Nick Daws looks at on saving money on motoring costs including lightening your load, driving…Read More →
I was recently in a car accident. I was literally hit by a truck. I say recently, it was in the summer of 2015, but it feels recent because I’ve only just been found as the non-fault party. I don’t want to go into too much detail (because I’m classy like that) but the basic story is that I was in the middle lane of a three lane road when a truck nudged slightly over the white lines and clipped my car. He then drove off – due to the massiveness of the truck, he had no idea what had happened. I thought he’d just clipped my wing mirror, so I too carried on, only to get home and find the back driver side door was mashed up.
I went through my insurance because I couldn’t afford to pay for the repairs, and they warned me that because it was side damage to my vehicle, I would probably be found at fault or settle partially, as it’s very difficult to prove liability when the side of your car is damaged. I knew this, because I used to work for the collections department of an insurance company. Still, I pursued even though the only evidence we had to go on was the number plate and a vague description of the truck.
Using my combined knowledge from formally working in insurance and also from being involved in a non-fault accident, I thought it might be helpful to write down my top tips for financially surviving a non-fault car accident. Hope it helps:
- Stay calm. If, like me, you panic, you’ll forget to do something important which could cause you problems in the future. Also, the other person has been in an accident too, so if you stay calm, you can probably sort it reasonably without getting upset. Be clear, calm, and collected.
- Make a note of the other person’s registration number. Also write down a description of the vehicle and the driver if possible, too. I can’t stress how important it is to have the registration number, otherwise your claim will be dead in the water.
- If it’s safe, stop to assess. Pull over and assess the damage. If there are any injuries, get medical help. But if there aren’t then just check over the car. If the person who hit you stops, photograph their damage, as well. This will all fit together to help your case.
- Take statements. If the person who hits you admits fault, ask them to call their insurance company at the roadside to log the claim. If they can’t or won’t, then ask them to write a statement. If there are any witnesses then take their details. Note: In England and Wales, passengers don’t count as independent witnesses, but in Scotland they do. Your insurance company may take a witness statement from a passenger, but they’re not as valuable as someone completely unknown to you.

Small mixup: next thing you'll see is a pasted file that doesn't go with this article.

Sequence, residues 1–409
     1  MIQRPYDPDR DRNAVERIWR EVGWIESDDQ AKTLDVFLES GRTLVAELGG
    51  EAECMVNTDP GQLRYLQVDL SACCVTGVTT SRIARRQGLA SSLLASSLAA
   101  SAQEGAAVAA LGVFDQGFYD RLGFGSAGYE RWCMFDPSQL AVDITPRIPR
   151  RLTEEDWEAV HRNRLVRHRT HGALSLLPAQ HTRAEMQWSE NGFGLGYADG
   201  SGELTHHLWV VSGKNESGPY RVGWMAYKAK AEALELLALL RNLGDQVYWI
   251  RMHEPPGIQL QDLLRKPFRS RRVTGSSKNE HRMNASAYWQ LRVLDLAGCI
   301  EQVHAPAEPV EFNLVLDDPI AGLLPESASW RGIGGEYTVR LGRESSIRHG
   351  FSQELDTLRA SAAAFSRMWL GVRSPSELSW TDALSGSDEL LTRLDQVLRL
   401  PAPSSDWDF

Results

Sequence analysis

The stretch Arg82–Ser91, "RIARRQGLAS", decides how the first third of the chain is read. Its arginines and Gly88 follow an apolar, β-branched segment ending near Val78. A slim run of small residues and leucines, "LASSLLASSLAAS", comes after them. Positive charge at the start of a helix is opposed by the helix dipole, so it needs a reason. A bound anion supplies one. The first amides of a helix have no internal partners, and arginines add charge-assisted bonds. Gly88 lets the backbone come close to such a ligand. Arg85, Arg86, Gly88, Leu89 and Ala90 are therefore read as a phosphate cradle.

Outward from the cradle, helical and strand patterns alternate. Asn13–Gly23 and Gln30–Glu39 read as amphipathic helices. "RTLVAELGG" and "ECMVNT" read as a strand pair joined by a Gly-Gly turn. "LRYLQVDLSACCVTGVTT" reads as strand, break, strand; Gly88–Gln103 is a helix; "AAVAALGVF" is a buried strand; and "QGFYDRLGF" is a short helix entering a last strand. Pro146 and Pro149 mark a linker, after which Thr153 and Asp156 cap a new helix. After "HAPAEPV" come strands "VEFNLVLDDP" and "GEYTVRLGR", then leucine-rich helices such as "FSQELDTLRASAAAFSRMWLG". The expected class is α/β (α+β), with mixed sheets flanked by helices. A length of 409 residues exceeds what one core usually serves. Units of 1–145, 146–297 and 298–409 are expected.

- Be clear about your location. You could use Google Maps to pin your location, or take photos of where you are. Make a note of road markings, hazards, and/or obstructions. Could there be CCTV cameras around? That might be useful if the claim is disputed.
- Create a diagram and a description while it’s all fresh in your mind. Insurers will often ask for your version of events, especially if your claim is disputed by the other driver. Because i’m rubbish at drawing, I used a website called Accident Sketch – you can include all the details on there, too.
- Always agree to go to court if they ask you. To be honest, these claims rarely reach litigation because it is expensive and the loser pays all the fees. If you refuse to go to court, it looks like you have something to hide.
- Be persistent with your insurer. In my accident, the truck’s insurance company were very difficult. They didn’t acknowledge the claim for about nine months, then they refused to let my insurance company examine their vehicle. My insurance company contacted me a few times, saying that it was not cost effective and they might drop it. I urged them to continue, and in the end (thankfully) I got a positive result.
Having a car accident is horrible, and hopefully you’ll never have to deal with it. But if you do, and it’s not your fault, hopefully these tips will help you to preserve your no claims bonus and your excess. Stay safe.
Uber-geek and tv addict. Keen writer and professional trainer in the financial sector. Rubbish at maths